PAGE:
Monday, November 28, 2005

NATIONAL JOURNAL: CIA Veterans Condemn Torture (11/19/05)

By Jason Vest, Government Executive
© National Journal Group Inc.
Saturday, Nov. 19, 2005

Among the fundamental conceits of the architects of the Bush administration's war on terrorism is that heavy-handed interrogation is useful, even necessary, to get any information that will protect the American people, and that such interrogation techniques are devoid of negative consequences in dealing with real or suspected terrorists. One way this notion has played out in practice is the CIA's use of "extraordinary rendition," in which terror suspects overseas are kidnapped and delivered to third-party countries for interrogation -- which, not uncharacteristically, includes some measure of torture, and sometimes fatal torture.


In recent years officers have been getting the worst combination of no training plus ambiguous signals from management on the ethics of interrogation.




Details about the extent and excesses of the U.S. government's interrogation practices have been ably documented by the media and human-rights organizations. Many thought that extraordinary rendition would be the worst of the revelations, but on November 2, The Washington Post revealed that the CIA has been running its own system of secret overseas detention and interrogation centers, known as "black sites." Coming at a moment when both CIA Director Porter Goss and Vice President Cheney have been crusading to exempt the CIA from pending legislation authored by Sen. John McCain, R-Ariz., that would ban U.S. government personnel from using torture, and other abusive conduct, in interrogations, the story has been particularly resonant -- especially when at least one prisoner under CIA supervision at the now-defunct Afghanistan "salt pit" black site died as a result of abuse.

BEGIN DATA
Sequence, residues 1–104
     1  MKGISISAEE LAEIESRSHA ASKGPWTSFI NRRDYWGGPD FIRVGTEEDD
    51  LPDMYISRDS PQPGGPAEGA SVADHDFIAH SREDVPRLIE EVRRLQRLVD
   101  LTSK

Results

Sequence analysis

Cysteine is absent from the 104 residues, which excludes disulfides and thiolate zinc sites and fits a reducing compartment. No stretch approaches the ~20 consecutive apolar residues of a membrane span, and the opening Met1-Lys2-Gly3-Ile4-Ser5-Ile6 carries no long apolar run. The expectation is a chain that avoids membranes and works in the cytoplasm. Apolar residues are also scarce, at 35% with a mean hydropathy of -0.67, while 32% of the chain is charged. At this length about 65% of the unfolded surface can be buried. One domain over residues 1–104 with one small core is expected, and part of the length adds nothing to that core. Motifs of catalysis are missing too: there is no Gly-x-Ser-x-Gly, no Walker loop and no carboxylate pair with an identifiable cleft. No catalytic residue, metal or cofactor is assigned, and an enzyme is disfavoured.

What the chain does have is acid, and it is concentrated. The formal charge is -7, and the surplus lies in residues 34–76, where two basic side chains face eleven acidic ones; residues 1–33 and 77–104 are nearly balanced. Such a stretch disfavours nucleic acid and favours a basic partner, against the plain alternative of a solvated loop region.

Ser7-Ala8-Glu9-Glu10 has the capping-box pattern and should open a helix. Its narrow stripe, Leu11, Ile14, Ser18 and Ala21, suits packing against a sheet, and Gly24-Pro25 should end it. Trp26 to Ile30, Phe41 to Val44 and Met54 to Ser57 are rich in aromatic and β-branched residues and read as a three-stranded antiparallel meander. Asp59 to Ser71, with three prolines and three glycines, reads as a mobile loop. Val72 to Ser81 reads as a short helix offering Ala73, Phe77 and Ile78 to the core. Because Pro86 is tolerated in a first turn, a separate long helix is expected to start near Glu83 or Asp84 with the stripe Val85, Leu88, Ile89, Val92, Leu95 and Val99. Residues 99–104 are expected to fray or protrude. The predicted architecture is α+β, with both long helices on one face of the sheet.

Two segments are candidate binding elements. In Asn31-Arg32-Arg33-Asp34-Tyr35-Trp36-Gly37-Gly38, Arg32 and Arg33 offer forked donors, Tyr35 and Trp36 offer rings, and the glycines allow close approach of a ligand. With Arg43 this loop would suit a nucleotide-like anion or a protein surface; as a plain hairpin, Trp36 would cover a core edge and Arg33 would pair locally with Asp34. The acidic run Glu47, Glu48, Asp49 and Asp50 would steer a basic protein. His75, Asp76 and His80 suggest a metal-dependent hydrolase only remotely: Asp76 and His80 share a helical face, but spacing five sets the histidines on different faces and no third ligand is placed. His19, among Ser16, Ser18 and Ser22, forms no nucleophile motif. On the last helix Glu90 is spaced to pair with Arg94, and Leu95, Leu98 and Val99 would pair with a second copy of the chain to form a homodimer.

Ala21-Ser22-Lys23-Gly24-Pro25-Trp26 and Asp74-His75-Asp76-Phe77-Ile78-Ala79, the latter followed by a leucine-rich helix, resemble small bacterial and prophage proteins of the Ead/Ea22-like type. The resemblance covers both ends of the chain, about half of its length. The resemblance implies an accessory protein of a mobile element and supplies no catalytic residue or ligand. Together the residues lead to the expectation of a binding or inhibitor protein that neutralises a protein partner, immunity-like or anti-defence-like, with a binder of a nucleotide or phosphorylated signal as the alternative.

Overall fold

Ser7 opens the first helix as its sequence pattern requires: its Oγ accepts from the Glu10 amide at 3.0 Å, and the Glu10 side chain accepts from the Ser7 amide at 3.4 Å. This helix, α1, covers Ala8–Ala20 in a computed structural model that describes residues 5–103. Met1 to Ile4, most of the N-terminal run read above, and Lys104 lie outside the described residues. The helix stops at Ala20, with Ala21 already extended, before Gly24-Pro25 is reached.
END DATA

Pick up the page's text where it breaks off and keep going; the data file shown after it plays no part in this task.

Although outrage has focused on the existence and symbolism of the black sites, comparatively little attention has been paid to the concerns -- if not outright objections -- of many distinguished CIA veterans about these sites and the use of torture in general. It's not just that such behavior is largely impractical, they say; it's that even by the morally ambiguous standards of espionage and covert action, the abuse is simply wrong.

Some perennially high-profile retired CIA officers like Bob Baer, Frank Anderson, and Vincent Cannistraro recently spoke out to Knight Ridder about their opposition to torture on practical grounds (Cannistraro said that detainees will "say virtually anything to end their torment"). But over the past 18 months, several lesser-known former officers have been trying, publicly and privately, to convince both the agency and the public that torture and other unduly coercive questioning tactics are morally wrong as well.

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